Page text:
There's an interesting article in the July 5 Financial Times on how on the British Isle of Lewis, Sunday business closings are the rule, not the exception, and how it's a mixed blessing for tourists but a way of life for traditional residents.
While writer Matthew Engel seems to unfairly castigate Presbyterian norms on observing the Christian Sabbath, there is merit to the argument that legalistically governing Sabbatarian observance does more harm than good and takes the emphasis away from God's grace to the comparative self righteousness of strict adherents.
God commands His people to Sabbath, and He commands it as a blessing for His people. The grace of the Sabbath should not be lost in arguments between Christians on how strict or loosely observance should be drawn, and given the propensity within our evil hearts to look down on those who don't observe the Sabbath as we do, we must guard against self righteousness being the source of Sabbath observance.
For instance, it struck me how this warning adorns the gates of children's playgrounds on the Isle:
While the rest of Britain has long forgotten the notion of a sabbath, Lewis has
not. Tesco, which just moved into the capital, Stornoway, has no plans for
Sunday opening; the golf club is closed; the sports centre is closed; children’s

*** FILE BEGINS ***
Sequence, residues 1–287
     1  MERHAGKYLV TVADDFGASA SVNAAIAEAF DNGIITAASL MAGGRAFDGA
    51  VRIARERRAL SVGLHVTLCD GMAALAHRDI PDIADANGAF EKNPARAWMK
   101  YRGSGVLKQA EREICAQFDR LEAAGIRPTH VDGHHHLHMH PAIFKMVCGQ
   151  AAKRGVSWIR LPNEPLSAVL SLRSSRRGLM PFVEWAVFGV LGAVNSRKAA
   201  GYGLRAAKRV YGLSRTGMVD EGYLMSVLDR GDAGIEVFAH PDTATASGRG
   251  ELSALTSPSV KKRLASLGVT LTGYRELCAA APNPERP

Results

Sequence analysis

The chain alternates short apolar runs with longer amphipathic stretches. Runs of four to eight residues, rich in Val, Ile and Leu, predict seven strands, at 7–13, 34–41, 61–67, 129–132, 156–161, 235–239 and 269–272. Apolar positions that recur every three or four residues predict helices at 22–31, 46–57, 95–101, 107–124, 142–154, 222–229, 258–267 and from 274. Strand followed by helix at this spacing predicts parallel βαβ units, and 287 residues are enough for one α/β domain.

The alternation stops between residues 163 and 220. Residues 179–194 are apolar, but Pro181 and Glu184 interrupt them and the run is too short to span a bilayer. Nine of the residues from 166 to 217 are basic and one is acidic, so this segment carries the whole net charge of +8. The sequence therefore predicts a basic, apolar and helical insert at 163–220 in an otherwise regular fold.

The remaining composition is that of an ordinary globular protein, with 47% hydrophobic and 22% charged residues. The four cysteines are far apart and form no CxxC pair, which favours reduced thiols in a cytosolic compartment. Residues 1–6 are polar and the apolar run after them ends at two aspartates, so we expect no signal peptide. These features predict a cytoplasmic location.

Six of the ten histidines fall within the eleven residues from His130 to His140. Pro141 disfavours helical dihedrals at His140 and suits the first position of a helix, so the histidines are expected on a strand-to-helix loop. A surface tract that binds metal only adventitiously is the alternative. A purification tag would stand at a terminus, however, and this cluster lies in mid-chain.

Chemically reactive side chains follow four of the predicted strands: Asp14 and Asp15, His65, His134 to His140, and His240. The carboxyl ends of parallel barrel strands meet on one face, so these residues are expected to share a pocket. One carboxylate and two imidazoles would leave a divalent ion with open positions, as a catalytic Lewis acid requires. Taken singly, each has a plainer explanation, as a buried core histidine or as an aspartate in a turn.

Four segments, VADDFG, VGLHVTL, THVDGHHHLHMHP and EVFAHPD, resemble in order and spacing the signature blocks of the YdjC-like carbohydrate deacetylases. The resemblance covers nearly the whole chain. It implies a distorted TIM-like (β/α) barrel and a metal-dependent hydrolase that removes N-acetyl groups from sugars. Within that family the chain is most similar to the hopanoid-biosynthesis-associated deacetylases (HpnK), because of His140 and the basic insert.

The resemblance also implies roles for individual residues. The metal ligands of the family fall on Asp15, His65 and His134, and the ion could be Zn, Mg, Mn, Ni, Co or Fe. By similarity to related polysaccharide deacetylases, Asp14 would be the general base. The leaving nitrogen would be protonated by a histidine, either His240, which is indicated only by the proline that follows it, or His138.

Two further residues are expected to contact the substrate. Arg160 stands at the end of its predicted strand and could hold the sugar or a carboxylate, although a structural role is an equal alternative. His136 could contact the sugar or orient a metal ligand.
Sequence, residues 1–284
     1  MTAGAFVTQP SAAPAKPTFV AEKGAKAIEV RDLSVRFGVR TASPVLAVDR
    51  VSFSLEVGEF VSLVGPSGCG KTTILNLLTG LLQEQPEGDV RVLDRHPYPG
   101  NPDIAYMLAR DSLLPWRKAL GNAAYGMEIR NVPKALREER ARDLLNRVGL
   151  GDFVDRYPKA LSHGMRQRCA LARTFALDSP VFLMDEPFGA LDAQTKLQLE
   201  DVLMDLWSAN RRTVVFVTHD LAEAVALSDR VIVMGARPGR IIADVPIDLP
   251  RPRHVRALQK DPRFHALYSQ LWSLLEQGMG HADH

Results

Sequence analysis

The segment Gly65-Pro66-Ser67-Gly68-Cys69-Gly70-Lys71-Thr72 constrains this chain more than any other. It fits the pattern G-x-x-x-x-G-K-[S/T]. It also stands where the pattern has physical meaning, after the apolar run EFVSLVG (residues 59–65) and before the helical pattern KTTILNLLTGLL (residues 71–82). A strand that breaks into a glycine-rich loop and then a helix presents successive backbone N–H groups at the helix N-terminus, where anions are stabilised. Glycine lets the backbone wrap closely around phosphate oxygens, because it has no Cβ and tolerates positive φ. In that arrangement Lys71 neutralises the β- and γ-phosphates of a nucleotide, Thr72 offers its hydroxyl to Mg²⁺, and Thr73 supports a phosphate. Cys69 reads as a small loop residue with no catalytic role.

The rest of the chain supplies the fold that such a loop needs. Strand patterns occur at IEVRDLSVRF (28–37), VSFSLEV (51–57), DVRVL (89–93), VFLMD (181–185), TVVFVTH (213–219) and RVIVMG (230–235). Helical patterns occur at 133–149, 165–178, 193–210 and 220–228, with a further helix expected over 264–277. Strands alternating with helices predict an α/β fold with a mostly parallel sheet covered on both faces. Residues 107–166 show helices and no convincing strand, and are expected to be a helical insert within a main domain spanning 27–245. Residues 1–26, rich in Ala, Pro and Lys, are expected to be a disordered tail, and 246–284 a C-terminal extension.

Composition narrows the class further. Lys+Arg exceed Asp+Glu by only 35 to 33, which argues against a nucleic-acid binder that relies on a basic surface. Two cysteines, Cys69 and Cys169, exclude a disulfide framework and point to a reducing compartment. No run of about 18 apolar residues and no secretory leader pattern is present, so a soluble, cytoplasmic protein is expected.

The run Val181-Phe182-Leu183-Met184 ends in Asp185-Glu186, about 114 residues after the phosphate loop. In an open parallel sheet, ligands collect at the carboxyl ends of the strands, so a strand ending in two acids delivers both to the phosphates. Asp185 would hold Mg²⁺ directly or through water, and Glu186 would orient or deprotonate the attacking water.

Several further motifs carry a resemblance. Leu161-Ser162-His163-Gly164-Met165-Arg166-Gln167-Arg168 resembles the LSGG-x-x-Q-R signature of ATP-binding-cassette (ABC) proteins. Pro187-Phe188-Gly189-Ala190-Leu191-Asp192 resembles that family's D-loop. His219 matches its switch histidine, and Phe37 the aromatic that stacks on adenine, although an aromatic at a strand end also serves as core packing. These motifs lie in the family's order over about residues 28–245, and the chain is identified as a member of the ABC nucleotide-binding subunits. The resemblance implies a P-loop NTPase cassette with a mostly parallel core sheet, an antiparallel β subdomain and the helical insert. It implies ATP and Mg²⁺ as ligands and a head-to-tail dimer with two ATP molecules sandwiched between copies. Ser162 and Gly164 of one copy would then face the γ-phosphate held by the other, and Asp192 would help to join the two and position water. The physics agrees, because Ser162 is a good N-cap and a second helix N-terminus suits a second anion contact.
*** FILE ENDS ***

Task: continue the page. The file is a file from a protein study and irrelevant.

playgrounds carry signs saying “Please Respect the Sabbath”, which is Hebridean
for “Go Away”.
I'd argue taking your children to the playground after church service on a Sunday is not disrespectful of the Sabbath, particularly if the occasion is seen as opportunity to spend time with one's children talking to them about what they learned in Sunday School. After all, Scripture teaches fathers to turn everyday occasions into opportunities to preach the gospel to their kids (Deut. 6:4-9):
4 “Hear, O Israel: The Lord our God, the Lord is one.  5 You
shall love the Lord your God with all your heart and with all your soul and with
all your might. 6 And these words that I command you today shall be on your
heart. 7 You shall teach them diligently to your children, and shall talk
of them when you sit in your house, and when you walk by the way, and when you
lie down, and when you rise. 8 You shall bind them as a sign on your hand,
and they shall be as frontlets between your eyes. 9 You shall write them on
the doorposts of your house and on your gates.